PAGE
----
Here’s a picture from this evening — $0.09/hour, we have used $22 of electricity since I last reset and it is surprisingly cool 64 degrees outside for a late July evening.

But when I look down and see $1.22 per hour, I know the dryer is on. Holy cow!

Why Does The Cent-o-Meter Work?

In truth, it’s not the actual money that motivates me. I waste a lot of money on a lot of other things less useful than dry clothes. I know having a clean dryer vent can significantly reduce drying time, and now I feel more motivated to keep it clean. And fewer loads seems like a better idea. And I wonder if it would be practical to dry a few things on a clothes line?

The same idea works in my car (a Toyota Prius). Being aware of my mileage at any moment has affected my driving habits only because I am immediately aware of the gas mileage impact of how I am driving. There is no doubt in my mind that I am currently getting 51.9 mpg in my Prius, well over the rated 45 mpg, because I pay a lot of attention to that meter. It’s something to do, and kind of fun.

Installation and Stuff

The model I got (BlueLine Innovations PowerCost Monitor) installed easily in about 20 minutes. It has a device designed to be strapped around the electric meter, and it actually reads the meter. It can work with most common meters, even the old spinning-dial ones. Instructions were good, and there’s a special book for each different meter kind.

The meter-reader part has a wireless transmitter that sends a signal to the display part that you put inside your house. You set the date and time, and also, using a current electrical bill, enter the amount you pay for a kilowatt-hour of electricity, which is usually right on the bill. That’s all.

The actual Cent-a-meter works slightly differently — rather than being strapped to the electric meter, you wrap a measuring device around the main electricity wire to your house. Other than how they get at the usage, both devices seem pretty much the same.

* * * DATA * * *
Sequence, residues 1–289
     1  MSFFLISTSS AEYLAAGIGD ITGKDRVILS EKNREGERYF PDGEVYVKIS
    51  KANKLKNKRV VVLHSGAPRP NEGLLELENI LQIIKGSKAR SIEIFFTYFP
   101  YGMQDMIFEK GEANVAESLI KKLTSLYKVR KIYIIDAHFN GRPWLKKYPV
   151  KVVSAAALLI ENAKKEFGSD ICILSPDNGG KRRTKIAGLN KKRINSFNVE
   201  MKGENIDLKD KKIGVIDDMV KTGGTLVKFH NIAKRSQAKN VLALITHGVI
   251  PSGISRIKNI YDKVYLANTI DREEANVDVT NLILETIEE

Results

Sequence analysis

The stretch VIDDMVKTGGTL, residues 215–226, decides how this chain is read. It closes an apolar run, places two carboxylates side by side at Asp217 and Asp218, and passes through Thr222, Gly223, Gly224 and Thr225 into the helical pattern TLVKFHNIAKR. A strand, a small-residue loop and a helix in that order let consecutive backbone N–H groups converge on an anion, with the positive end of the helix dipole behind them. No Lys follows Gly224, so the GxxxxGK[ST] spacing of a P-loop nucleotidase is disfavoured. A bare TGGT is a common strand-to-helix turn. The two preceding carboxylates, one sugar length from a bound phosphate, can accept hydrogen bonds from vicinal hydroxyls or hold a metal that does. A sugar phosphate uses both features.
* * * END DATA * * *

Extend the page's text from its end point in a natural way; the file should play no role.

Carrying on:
25 Comments

  1. How do you measure the total dollar amount used if the electric company bills the kilowatts used in different tiers? Is this something that can be programmed onto the unit?

    Comment by Patrea — November 3, 2009 @ 5:29 pm

  2. The PowerCost Monitor and similar devices like the ted 5000 understand several tiered rate structures and let you enter the data. Works great! Both at available at Energy Circle and other stores on the web.

    Comment by Tom Harrison — November 4, 2009 @ 12:47 pm

  3. […] to find ways to reduce our electrical consumption by about 40%.  All of this was before we got our first electricity monitor, the BlueLine PowerCost Monitor.  Then I got a TED 5000 about a year ago when it first became […]

    Pingback by Energy Monitoring: It’s Not a Passive Thing | Tom Harrison Jr — August 26, 2010 @ 12:51 pm

  4. Take a look at micrometer.com. It works on all the branch circuits and you don’t need to jump up and run around. It can log it all and get to the bottom of it in a week. It also helps with power factor that can be a stubborn chronic loss.

    Comment by Chris Clement — April 9, 2011 @ 5:59 pm

  5. I have had a Cent o meter Owl for many years and do look at it but could do more but it is mostly for interest.
    On the Owl it has the option of showing gm CO2 per hour based on a conversion.
    I am working on a different project now
    Can you confirm the NZ standard conversion from kW-hr to gm CO2

    Comment by Bob Baker — September 6, 2011 @ 7:09 pm